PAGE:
121 comments on “Arming the police”

  1. Carol 1

    It seems to me that this more-access to guns proposal is just a vote-getter that detracts from more important issues – or maybe deliberately keeps other issues off the front pages.

    • joe bloggs 1.1

      is just a vote-getter that detracts from more important issues or maybe deliberately keeps other issues off the front pages

      I’m not sure of your angle there Carole but, given the rise in firearms offences in New Zealand, gun control laws, public safety and the safety of our police force are pretty important issues to focus on.

      If you look at the Australian experience where all police are armed, since the early 1990’s firearm homicide as a proportion of all homicides has halved, and that continues the general downward trend in firearm homicide that began in the early 1980s.

      This published paper from the Australian Institute of Criminology has more detail:

      The big issue is how to get guns out of the households – particularly unlicensed guns and handguns

      • Lew 1.1.1

        So much wrong with this it’s hard to know where to start.

        For one thing, we don’t have a problem with firearm crime in NZ. We just don’t. We have a lot of guns and relatively liberal gun laws, and very slack enforcement and we’re still way behind most comparator countries.

        For another the Australian situation is wildly different to ours. Very weak firearm regulation pre-Port Arthur, followed by a draconian crackdown which cost the taxpayer hundreds of millions of dollars just to buy back a fraction of the firearms declared illegal (not to mention the additional costs of enforcing this). All this on the background of a much, much higher underlying violent crime rate, partly due to powerful organisaed crime interests, much more powerful than those we have here, and widespread police and official corruption (also absent here). It’s arguable that Howard’s costly actions were justified in order to bring the number of firearm homicides down to a little less than double our present rate. There’s no credible argument to be made for that here.

        One thing we can agree on, though: the biggest issue is control of illegally-held firearms, and that that’s where resources ought to be concentrated. This was a major recommendation of the Thorp report in 1997, not implemented, and the Jan Molenaar case illustrates what happens when you revoke licenses (making outlaws of previously law-abiding gun owners) and then fail to follow up.


        • Carol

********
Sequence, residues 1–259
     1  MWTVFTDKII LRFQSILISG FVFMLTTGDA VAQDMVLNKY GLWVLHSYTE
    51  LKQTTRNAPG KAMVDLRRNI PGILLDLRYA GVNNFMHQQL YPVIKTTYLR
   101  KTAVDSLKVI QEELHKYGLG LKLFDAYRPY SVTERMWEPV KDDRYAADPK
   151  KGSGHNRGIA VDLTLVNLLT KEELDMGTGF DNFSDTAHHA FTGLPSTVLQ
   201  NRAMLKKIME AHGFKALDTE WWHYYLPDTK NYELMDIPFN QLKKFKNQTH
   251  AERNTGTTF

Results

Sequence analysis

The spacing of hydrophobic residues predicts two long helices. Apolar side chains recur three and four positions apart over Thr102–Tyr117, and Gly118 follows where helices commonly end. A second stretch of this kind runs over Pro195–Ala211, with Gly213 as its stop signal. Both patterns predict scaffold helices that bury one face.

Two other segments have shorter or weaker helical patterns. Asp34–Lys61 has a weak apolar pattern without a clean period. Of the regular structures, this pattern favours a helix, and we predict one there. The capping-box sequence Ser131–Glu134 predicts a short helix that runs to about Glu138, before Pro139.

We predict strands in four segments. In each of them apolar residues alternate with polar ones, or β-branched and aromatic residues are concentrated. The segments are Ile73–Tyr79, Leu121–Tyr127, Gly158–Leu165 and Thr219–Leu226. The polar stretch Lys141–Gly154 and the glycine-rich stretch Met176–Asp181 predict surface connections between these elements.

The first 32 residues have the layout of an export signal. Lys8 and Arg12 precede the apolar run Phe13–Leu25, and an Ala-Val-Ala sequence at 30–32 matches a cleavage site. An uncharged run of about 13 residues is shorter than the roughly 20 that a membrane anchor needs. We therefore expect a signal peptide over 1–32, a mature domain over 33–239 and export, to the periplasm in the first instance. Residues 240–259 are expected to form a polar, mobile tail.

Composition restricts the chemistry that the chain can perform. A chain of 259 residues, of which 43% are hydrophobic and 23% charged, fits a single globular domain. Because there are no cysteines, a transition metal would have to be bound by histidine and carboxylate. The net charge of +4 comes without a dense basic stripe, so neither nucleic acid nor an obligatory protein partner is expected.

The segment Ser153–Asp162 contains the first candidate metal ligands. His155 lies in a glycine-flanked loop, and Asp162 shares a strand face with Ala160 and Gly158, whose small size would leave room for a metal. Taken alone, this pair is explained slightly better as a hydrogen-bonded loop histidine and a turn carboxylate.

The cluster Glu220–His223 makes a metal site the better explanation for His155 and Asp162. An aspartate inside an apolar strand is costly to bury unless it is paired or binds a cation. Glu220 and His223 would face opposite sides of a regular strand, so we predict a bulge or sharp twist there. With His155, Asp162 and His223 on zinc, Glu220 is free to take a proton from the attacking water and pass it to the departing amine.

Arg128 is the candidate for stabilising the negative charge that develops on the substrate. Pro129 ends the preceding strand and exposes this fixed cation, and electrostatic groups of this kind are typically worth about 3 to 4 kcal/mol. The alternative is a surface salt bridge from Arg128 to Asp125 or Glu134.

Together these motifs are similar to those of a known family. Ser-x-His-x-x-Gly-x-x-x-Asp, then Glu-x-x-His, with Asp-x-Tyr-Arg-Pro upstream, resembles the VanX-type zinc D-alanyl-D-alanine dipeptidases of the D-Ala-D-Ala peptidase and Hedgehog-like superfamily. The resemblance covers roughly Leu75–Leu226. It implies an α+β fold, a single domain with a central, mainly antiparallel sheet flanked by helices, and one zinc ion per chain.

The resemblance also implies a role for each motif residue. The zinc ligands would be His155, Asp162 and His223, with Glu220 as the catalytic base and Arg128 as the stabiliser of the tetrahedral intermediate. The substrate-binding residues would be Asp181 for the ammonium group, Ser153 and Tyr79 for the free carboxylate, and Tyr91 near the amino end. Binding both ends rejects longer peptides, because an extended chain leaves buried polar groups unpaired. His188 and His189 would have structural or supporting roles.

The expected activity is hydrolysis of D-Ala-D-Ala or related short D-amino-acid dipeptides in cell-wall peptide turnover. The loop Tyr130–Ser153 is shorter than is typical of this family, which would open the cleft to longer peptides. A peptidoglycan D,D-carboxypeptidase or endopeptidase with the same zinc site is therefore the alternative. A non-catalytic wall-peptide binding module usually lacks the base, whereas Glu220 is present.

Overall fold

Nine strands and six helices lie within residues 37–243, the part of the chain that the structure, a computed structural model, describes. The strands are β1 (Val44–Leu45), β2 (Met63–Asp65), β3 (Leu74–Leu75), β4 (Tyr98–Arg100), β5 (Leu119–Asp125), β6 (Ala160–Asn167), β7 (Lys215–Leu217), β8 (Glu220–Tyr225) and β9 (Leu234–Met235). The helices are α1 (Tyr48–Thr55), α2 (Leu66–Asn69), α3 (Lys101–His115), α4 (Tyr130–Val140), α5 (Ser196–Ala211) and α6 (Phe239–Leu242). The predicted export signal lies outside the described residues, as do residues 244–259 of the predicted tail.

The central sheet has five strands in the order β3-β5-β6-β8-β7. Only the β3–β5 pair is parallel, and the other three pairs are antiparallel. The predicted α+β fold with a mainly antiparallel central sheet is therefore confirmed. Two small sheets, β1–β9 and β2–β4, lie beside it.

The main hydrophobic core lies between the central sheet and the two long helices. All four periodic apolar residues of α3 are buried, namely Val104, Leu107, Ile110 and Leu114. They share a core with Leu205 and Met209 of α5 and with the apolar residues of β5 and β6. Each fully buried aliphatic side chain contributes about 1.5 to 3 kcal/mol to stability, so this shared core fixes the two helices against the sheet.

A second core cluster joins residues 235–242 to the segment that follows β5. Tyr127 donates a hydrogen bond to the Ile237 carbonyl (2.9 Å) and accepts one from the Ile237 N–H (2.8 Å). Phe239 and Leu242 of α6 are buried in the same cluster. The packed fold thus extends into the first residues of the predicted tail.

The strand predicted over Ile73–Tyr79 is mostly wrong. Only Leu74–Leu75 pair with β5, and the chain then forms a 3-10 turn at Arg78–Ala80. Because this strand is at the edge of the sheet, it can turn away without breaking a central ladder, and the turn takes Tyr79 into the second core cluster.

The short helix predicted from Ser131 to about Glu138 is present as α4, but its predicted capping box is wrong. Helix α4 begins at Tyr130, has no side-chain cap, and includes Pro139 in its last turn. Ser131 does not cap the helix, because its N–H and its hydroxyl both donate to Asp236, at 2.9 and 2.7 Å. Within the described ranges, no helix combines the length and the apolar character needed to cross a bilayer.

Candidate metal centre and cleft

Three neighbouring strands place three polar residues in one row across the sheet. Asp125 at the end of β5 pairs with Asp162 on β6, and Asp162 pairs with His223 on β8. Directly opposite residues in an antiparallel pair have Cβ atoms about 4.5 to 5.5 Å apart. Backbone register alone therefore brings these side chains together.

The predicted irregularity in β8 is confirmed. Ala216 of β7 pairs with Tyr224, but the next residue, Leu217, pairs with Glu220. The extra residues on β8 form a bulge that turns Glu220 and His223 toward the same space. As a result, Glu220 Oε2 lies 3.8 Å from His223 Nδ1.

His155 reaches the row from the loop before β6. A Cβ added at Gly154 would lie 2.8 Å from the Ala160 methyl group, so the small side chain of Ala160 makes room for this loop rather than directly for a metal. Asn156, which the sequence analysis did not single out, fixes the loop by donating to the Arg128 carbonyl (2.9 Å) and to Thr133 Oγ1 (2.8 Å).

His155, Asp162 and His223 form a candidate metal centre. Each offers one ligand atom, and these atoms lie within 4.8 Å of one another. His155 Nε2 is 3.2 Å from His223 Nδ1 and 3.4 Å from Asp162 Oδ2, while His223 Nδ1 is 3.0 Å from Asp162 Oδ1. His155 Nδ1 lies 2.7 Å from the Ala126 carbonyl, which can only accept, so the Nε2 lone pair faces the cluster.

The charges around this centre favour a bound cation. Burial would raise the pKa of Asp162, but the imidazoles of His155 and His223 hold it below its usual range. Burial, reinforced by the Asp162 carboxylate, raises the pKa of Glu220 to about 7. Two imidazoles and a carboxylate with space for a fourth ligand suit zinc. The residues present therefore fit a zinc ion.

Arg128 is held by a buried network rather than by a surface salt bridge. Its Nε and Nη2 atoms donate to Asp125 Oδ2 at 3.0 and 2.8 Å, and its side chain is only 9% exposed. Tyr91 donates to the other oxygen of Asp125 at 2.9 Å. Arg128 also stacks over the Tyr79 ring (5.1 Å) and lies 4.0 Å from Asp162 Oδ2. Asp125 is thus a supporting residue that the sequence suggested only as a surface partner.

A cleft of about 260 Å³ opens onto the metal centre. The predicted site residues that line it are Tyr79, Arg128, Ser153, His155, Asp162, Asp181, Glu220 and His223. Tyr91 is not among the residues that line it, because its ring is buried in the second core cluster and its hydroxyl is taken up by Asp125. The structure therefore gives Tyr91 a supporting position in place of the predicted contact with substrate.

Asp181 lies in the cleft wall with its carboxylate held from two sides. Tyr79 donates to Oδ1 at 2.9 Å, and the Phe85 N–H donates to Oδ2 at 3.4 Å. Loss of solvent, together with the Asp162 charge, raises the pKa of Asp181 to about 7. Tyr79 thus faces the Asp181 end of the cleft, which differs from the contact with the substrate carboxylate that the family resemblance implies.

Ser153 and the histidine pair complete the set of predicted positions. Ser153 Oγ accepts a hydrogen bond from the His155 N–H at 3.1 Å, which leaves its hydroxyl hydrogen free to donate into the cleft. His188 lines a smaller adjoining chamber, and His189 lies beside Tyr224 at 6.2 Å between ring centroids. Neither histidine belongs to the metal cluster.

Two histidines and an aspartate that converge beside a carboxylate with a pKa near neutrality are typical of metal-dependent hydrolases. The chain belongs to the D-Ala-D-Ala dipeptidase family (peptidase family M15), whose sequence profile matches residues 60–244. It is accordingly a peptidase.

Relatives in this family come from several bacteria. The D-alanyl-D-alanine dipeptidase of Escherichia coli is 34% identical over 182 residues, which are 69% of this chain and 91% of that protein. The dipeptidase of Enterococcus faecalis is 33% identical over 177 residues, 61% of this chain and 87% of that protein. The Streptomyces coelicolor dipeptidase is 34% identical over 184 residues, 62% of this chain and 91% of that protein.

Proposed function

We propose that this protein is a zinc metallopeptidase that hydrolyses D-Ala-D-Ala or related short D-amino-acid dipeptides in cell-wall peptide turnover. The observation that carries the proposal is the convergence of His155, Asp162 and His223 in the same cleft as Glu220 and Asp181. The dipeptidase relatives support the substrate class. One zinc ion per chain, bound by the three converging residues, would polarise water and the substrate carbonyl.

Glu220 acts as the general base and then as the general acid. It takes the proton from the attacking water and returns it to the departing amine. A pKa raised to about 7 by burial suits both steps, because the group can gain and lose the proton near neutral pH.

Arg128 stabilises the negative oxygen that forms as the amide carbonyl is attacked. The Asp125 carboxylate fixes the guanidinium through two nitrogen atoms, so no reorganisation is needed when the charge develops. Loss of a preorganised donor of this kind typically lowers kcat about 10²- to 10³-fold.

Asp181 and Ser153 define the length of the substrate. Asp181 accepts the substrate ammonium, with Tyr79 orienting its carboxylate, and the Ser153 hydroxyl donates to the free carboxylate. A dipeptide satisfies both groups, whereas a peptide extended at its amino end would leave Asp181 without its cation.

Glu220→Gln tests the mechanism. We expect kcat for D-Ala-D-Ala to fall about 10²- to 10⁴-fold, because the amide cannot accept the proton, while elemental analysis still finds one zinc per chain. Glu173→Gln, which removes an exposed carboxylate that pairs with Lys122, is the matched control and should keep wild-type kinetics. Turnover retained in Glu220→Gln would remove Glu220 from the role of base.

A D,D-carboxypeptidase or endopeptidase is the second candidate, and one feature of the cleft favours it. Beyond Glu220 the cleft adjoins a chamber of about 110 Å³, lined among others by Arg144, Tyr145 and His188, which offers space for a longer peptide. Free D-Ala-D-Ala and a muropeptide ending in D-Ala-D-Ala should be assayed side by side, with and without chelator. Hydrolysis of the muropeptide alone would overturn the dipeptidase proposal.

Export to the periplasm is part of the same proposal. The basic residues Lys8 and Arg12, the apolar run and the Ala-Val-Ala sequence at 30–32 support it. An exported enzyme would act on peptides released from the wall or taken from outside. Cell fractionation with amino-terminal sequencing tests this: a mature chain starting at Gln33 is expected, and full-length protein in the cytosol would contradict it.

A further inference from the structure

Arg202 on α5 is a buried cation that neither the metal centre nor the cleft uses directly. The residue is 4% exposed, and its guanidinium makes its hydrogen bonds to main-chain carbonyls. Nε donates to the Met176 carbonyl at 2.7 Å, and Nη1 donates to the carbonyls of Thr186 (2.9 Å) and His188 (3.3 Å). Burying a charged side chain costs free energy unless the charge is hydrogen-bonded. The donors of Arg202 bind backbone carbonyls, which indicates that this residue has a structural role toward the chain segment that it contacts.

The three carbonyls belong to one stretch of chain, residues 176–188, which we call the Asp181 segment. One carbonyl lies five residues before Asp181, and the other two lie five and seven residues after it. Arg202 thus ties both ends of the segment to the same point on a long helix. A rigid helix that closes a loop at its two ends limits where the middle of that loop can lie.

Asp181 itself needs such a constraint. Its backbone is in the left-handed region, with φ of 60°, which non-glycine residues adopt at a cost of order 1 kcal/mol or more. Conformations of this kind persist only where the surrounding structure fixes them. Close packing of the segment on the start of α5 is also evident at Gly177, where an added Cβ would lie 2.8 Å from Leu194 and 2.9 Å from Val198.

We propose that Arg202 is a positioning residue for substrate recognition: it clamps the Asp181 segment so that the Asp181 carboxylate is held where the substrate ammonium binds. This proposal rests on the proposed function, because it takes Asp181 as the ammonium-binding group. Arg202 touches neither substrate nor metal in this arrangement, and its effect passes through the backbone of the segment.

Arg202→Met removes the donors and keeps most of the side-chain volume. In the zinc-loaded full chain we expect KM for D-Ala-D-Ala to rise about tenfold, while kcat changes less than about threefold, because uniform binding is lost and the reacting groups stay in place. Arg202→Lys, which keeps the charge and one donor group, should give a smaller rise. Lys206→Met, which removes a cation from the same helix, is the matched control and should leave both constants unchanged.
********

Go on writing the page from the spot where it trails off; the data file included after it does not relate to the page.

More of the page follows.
Thanks, Lew, you gave a much more detailed reply to joe bloggs than I could’ve done. Though it did seem to me that fire-arm control is not the biggest problem NZ is facing right now – well certainly not in the form of needing to arm police more.

          At the moment there’s starting to be rumblings, throwing doubt on previous optimistic pronouncements of recover from the financial crisis. Focusing on hyperbole about the need for police to get armed and tough on crime is a diversion.

          I also wonder if, in times of uncertainty, the posturing of a tough daddy state, claiming to be “protecting” innocent citizens from a major evil, makes some people feel a bit reassured.

  2. Sanctuary 2

    Coming next on the front page of the Herald: Sexy young she-cop with guns positioned attractively on hips!!!!

    • RobertM 2.1

      Well why not.I’m waiting for that Herald cover. It gives the NSW women cops a look that is either sinister or somewhat sexy. Certainly more body armour is not the answer. The Ron Mark vests have ruined the appearance of the men in the policeforce and on women their an attrocity. Whether the police should be everybodies friend, or the friend of the male working class as a matter of policy is somewhat debatable.Whether they really represent middle class interest is somewhat questionable-most emphasis seems to be on policing and suppressing the oddbods not the crims. But maybe with P and more inequality the crims are more serious, harder and looser today. Distance for the police might be useful and a somewhat less visible policeforce that was unobtrustive but more effective might be useful. Being close to the community may make it impossible to do the job properly. Social cohesion should not necessarily be the highest priority if means surrendering to the stupid, the fundamentalists and criminal classes.
      Obviously the police need political cooperation- I can think of half a dozen backpacker bars and polynesian bars of the Alan Duff like consistituency in the Auckland CBD that should have their liquor license withdrawn for obvious longstanding problems of dangerous meanacing street spillover. If John Banks is the police’s friend he is extraoridnarily effective while Andrew Williams administration has largely sanatised Devonport closing the navy beer barns and generally upmarketed Takapuna. In many ways I dislike it and to some it it unfair particularly the sailors but Williams seem to do the job.
      At a certain point I think the police have to show lethal force. The taser is a shortrange weapon of intermediate force. The idea of lock boxes in the boot alluded to by police minister Judith Collins and John Campbell dosen’t really seem the answer. It stops an immediate counter to a threat yet the psychogical propensity of the officer to use the firearm is unlikely to decrease in the 20 blurred seconds he wips the boot open and uses the ever ready key.